Most vendors will understand the implications of refusing to cooperate with a customer’s demand for transparency. Strong tactics can be counterproductive, but if necessary, you should be prepared to award contracts based on a supplier’s cooperation in providing the necessary information. Additionally, when examining a supplier’s performance, its ability to consistently deliver accurate supply chain risk data should be weighed as heavily as on-time delivery and cost control.
Make sure the information is applied
Supplier information, including risk factors for specific components, end-of-life notifications, and details of potential supply chain disruptions, should reach your company’s product and engineering teams by timely. For example, your product development team may eliminate certain components simply because they are more expensive without knowing or considering their considerably lower supply chain risk.
A large medical device company with a transparent risk management process discovered that a low-cost power adapter used in one of its most profitable devices was made by a single company in China and could not be replaced by no other available adapter. Rather than accept these performance and brand reputation risks, the company redesigned the device to accommodate a wider range of power adapters.
In addition, your suppliers should have access to internal staff who can provide them with detailed advice on specifications and can authorize the approval of supplier recommendations that address potential risks.
Establish a risk assessment and mitigation system
Given the important issues – financial, operational and reputational – your business cannot rely solely on supplier transparency to minimize risk. Even with well-structured agreements with cooperative suppliers, the potential for information gaps and unforeseen supply chain events will persist. For example, people in your organization may not have communicated properly the critical nature of a component to a vendor. And unforeseen disruptions, such as those that occurred when a a giant freighter got stuck last March in the Suez Canal – is never predictable. For this reason, companies must establish a rigorous, data-driven internal process to assess supply chain risks and a risk mitigation protocol that is approved and closely monitored by senior management.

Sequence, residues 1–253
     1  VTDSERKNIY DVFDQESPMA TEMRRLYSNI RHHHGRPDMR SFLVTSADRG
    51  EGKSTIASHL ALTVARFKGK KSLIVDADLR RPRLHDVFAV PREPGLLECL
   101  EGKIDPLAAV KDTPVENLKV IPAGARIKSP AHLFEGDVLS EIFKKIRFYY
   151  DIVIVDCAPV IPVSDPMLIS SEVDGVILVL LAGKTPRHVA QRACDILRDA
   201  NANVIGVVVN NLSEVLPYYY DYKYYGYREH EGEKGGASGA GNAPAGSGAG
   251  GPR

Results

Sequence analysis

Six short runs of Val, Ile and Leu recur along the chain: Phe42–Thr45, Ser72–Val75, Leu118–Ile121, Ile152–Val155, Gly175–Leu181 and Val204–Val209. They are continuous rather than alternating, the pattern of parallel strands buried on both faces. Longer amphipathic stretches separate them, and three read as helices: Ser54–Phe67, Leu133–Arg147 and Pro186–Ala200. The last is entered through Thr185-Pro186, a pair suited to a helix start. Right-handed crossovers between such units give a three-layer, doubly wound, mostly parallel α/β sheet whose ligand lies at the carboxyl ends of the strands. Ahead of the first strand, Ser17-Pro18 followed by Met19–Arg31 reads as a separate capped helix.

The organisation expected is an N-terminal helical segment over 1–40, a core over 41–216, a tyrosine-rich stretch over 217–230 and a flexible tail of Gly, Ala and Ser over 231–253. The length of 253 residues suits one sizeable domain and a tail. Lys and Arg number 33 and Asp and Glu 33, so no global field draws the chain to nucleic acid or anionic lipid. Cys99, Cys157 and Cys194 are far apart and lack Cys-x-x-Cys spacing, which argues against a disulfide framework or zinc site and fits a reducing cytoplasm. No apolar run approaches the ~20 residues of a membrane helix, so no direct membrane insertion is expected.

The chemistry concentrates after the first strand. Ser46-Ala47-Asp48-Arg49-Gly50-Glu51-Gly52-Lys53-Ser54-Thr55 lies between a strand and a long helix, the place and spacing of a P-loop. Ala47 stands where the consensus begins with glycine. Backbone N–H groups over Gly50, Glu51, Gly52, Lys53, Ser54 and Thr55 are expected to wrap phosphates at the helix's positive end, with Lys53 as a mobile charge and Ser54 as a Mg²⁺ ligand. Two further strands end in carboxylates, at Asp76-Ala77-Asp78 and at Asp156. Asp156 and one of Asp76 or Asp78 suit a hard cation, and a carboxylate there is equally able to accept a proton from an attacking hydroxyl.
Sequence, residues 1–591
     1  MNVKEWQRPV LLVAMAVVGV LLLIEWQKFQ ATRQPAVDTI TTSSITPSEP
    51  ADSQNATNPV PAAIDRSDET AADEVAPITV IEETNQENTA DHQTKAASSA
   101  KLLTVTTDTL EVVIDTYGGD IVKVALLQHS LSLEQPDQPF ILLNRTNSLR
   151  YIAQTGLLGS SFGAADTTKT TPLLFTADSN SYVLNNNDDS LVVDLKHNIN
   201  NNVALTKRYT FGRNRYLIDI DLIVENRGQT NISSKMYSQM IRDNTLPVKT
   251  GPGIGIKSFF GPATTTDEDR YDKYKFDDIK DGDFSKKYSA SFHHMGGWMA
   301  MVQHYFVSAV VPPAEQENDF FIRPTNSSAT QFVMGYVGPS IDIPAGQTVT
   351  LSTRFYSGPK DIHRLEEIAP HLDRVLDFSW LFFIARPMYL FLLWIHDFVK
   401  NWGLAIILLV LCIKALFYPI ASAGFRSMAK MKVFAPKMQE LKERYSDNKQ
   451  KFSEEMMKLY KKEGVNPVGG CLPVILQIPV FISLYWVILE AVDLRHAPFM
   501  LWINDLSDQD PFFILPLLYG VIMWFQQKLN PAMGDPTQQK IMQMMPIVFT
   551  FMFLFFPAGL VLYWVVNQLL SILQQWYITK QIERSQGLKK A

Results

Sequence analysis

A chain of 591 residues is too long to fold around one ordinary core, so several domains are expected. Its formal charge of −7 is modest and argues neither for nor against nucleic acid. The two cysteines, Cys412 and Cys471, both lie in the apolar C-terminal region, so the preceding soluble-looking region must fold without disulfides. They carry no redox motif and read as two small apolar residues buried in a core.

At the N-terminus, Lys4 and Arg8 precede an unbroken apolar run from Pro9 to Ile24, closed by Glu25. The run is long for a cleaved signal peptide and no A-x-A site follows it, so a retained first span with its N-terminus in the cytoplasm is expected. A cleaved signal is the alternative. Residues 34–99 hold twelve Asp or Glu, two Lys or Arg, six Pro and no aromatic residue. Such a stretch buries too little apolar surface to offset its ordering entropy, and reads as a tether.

What type of business are you?
The significant supply chain disruptions that have occurred over the past 18 months are likely to affect manufacturers in two ways. Some companies will see them as a red flag to review and strengthen their current risk management practices. Others will conclude that the likelihood of a similar event occurring in the foreseeable future is so low that they cannot afford to take any further action to manage the risk. The latter is a huge mistake.
Rolling the dice is not a risk management strategy. As the global supply chain becomes more interconnected and complex, the impact of climate change spreads, and geopolitical tensions and trade restrictions increase, the likelihood of disruption is set to increase. Businesses need to plan accordingly. These plans should include an overhaul of how you select and work with suppliers to ensure greater transparency, risk sharing and supply chain sustainability.